Having given up cable several years ago, and only missing it a few times since, I realize I’m not exactly in the majority when it comes to politics-obsessed people. But news was really most of the reason I had cable, and as time went on I realized that much of the “news” I was getting on CNN, MSNBC and Fox News wasn’t really news.
Between segments that might feed you a bit of actual unspun, educational information about the goings on around the world, it was more accurately described as thinly veiled talking points walking around, pretending to be news. The worst of this came from the shows that had interviews of politicians and other political figures – appropriately called “bobbleheads” by many people.
Politicians have gotten so comfortable with just ignoring questions they don’t like, and using every opportunity given to them to spout their pre-packaged talking points, there just isn’t much of a reason to watch them most of the time. With most of these “news” segments, you might as well just be reading the press releases from Democratic Party, Republican Party or other hyper-partisan and/or ideologue types.
Ironically enough, these thoughts came to me as I was watching a clip from CNN’s Piers Morgan on Monday. Morgan’s First point is right on the money:
[old CNN video embed failed]
When some figure comes onto a news show, the whole idea is they are supposed to trade answers to the questions people would be interested in learning about – asked by the host – in exchange for exposure to the audience of that show. But hosts almost always let dodging, pivoting and other sorts of shameful attempts to avoid telling the American people what they deserve to know slide, and the few times hosts press these politicians, they usually come up with some lame, childish reason to be offended and play the victim rather than do their duty.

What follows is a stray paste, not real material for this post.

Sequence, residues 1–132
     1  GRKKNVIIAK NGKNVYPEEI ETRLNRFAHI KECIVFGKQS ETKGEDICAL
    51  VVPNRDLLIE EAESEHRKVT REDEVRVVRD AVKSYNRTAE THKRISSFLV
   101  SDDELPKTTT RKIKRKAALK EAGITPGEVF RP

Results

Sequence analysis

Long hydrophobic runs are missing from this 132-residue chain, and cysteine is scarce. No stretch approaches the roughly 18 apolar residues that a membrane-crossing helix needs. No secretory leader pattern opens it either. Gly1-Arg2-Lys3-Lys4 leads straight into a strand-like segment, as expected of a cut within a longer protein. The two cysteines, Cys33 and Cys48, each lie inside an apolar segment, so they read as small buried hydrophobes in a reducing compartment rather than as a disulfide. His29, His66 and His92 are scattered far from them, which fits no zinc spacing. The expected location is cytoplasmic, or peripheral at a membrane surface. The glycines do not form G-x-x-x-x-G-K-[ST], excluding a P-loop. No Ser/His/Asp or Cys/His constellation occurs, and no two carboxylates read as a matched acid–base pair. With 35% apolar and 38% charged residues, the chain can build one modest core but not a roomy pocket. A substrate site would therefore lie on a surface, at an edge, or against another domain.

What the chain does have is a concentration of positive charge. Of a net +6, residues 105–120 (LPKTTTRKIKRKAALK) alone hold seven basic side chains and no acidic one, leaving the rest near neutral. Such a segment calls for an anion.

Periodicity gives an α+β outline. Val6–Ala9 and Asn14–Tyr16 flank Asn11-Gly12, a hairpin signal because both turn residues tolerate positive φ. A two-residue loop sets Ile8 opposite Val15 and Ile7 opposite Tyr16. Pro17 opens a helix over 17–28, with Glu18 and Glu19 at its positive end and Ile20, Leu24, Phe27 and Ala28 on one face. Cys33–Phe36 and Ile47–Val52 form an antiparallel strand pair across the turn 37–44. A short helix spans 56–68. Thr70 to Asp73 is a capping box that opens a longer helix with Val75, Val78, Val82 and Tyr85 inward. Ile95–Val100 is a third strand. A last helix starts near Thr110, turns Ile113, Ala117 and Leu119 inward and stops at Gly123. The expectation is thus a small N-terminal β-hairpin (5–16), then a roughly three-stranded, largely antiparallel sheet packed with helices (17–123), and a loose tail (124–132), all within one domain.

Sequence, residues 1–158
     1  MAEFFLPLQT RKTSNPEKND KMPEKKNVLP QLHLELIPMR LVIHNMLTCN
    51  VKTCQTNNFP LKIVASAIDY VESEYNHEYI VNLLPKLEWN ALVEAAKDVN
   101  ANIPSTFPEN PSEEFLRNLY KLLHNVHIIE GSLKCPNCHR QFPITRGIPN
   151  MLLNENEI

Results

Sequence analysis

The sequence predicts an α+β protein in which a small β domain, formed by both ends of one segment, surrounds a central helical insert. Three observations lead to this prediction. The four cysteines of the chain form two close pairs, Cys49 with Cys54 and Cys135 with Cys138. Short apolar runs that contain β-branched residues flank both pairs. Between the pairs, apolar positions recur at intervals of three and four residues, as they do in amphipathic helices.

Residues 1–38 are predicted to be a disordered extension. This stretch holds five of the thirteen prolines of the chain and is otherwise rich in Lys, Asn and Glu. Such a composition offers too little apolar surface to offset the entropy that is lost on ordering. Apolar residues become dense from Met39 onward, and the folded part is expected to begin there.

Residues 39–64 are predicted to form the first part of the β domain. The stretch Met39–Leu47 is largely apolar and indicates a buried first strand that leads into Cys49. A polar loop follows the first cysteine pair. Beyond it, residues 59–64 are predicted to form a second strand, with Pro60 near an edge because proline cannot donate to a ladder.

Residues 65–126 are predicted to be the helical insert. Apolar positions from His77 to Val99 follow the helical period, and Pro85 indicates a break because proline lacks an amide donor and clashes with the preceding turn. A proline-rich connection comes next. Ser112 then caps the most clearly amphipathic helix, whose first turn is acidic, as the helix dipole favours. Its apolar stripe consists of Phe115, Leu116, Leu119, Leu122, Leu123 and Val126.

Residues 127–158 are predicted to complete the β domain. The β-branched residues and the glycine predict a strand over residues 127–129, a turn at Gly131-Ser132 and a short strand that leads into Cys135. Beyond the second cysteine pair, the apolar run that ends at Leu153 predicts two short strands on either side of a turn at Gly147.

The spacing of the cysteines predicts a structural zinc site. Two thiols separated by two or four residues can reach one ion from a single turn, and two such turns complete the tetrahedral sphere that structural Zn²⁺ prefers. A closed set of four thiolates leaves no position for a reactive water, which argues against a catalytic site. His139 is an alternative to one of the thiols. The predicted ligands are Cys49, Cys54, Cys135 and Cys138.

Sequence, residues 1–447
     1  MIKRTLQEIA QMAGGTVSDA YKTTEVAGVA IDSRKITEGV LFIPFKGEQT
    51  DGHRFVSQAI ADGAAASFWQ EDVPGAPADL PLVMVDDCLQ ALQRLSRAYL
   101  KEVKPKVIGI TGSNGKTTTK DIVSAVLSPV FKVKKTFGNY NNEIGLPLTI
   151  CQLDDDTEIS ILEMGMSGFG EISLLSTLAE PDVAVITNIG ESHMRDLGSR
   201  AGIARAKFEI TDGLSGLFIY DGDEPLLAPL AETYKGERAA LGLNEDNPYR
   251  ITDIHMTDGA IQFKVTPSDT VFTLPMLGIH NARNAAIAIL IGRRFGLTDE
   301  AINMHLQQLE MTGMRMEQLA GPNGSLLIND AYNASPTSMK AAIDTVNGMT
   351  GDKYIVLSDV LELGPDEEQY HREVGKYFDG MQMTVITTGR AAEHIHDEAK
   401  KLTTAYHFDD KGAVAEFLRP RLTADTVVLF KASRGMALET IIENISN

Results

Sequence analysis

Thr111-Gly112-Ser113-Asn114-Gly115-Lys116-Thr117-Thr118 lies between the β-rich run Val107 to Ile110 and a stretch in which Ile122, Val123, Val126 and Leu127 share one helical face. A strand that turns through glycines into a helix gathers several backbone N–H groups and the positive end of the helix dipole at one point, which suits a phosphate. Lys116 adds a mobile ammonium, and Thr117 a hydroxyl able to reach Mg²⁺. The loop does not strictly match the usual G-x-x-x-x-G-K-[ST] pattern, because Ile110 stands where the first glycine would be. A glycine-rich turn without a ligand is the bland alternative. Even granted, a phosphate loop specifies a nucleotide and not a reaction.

Some of the questions at the recent Fox News GOP Debate in Ames comes to mind. At times, Fox seemed to actually want to give their viewers a general feel for the candidates, versus just giving candidates an opportunity to spout talking points on hot button wedge issues, which makes sense this early in the cycle.They asked some very pointed questions that visibly irked candidates, and caught some flak for it. Newt Gingrich, for instance, distracted people from his refusal to answer a question sent his way by attacking the questioner. Instead of getting booed, the crowd seemed to back Gingrich for the most part. People have apparently gotten so used to this coddling of politicians, that they don’t like it when newsmen actually do their jobs anymore.
They asked some pointed questions that visibly irked candidates, and caught some flak for it. Newt Gingrich, for instance, distracted people from his refusal to answer a question sent his way by attacking the questioner. Instead of getting booed, the crowd seemed to back Gingrich for the most part. The blind partisans these channels have cultivated have apparently gotten so used to this irresponsible coddling of politicians, that they don’t like it when newsmen even try to actually do their jobs anymore.
Morgan ties up the segment with the famous clip from a debate between Ronald Reagan and Walter Mondale, where he turns a negative question asking him about how his advanced age might lead to him not being up to some of the rigors of being the President into gold. But this was no dodging. Notice that Reagan begins his answer with a short and clear answer of “not at all”, before segueing into the joke that is likely to go down in American history as the best debate answer ever.
This is how debates and interviews should go. Hosts should allow the guest to expound a bit, deliver their message and speak their mind, but we all know that isn’t what politicians do. I might actually come off the sidelines and get cable again if some network began holding itself to a higher standard in their interviews, but I wonder if both parties would start boycotting such a channel, and whether people would take offense more to politicians dodging, or journalists pressing politicians for real answers.